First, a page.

B Le Gate
The wins number in the hundreds.
The back-to-back state championships also remain an unprecedented feat in school history.
For myriad on-the-court reasons, Becky LeGate has carved a swath in Tennessee high school basketball as an iconic figure.
Yet for LeGate, the on-court accolades pale in comparison to her true joy in being a veteran high school coach of more than 25 years: it's the joy of seeing her pupils develop into citizens, executives, leaders, mothers, wives and more in their societal roles.
For all of those components, as well as the considerable on-court successes, LeGate, head girls' basketball coach at Christ Presbyterian Academy in Nashville, has been named the Tennessee Secondary School Athletic Associations' Distinguished Service Award winner for February.
“For me, it's all about the relationships with the girls and families that I coached,” LeGate said. “When I look back, yes I love the game of basketball. But that is not enough to sustain that (grind) and to sustain that passion. But what is, is just being a coach and having this amazing opportunity to really speak into the lives of these young girls. I have been blessed over my 26 years to have the most incredible girls. Now, they're all over the world. All over the country doing these amazing things.
“Honestly, that's why I haven't necessarily gone onto a different level, because where I am, I'm able to make such a difference and do it in such a way that really makes it satisfying.”
LeGate has former proteges in all walks of life. Lauren Thompson, who still holds the state record for most defensive rebounds in a single game in the state tournament, has emerged as a marketing executive for Jordan Brand at Nike headquarters in Beaverton, Oregon. Ashley Boykin, another former understudy, has emerged as one of the top realtors in Nashville's ultra-competitive market, with Boykin “setting all kinds of records,” LeGate noted.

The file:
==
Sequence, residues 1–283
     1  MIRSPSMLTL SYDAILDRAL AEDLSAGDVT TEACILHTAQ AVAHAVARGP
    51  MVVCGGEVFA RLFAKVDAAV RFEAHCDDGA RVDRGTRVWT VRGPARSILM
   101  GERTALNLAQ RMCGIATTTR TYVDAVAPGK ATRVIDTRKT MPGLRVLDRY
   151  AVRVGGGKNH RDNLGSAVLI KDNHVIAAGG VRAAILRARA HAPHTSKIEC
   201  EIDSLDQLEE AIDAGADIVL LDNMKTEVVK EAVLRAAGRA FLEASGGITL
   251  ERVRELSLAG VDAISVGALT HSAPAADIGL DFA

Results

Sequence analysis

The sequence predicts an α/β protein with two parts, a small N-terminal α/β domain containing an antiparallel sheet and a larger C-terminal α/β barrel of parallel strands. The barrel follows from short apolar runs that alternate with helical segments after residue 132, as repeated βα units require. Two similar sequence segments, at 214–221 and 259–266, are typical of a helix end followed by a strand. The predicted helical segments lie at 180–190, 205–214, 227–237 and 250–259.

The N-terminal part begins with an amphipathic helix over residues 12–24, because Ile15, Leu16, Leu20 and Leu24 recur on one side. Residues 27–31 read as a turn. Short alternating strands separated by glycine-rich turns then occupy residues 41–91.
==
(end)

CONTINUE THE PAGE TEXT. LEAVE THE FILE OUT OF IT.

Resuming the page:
She's also got too many former players now in various vocations stemming from the medical field to coaching and teaching. Sarah Menees, for one, is excelling as the middle school coach at Goodpasture. There are myriad others.
LeGate's CPA Lady Lions won a pair of Class AA State Tournament titles in 2012-13; she previously had helped make Davidson Academy a similar powerhouse in girls' prep basketball in the Volunteer State.
Of course, LeGate's family is rather synonymous with excellence in girls' basketball in Tennessee. Her father, Weldon “Jake” Gibbs, won more than 300 games as head coach at Greenbrier High School, where Becky and her sisters were an integral part in that program's success at the state tournament level.
“I always wanted to be a coach,” said LeGate, whose husband, Kevin, is also an assistant coach and athletics leader at CPA. “Growing up just as a little girl and going with my dad to games, watching him, I just loved every aspect of being a coach. The relationships outside of basketball to the teaching of the game, I loved that part. Practice is my favorite thing, and it was that way even as a player.
“I always knew I was going to be a coach, but I didn't know what level. I had high aspirations of being a college coach, but I went to Belmont and played for Tony Cross and he was an amazing coach and it was an unbelievable group of girls over my four years.”
In addition to counting the late Cross among her key mentors, as well as her father, LeGate also fashioned a strong bond with legendary former Belmont men's basketball coach, Rick Byrd.
She even served as the Byrd family babysitter during her early years at Belmont, where her husband also had served as a Byrd assistant coach.
Now, the family dynamic has come full circle.
“That's been really neat,” LeGate said of her family's evolution through basketball. “It's also been neat for my girls (Faith and Savannah) to have their granddaddy in the reverse role in the stands. It's fun.
“We are a very competitive crew. Game night, whatever we do. It's quite spirited.”
So, too, is LeGate's walk in life.
TSSAA proudly salutes Becky LeGate for her many years of contributions to student-athletes in Tennessee.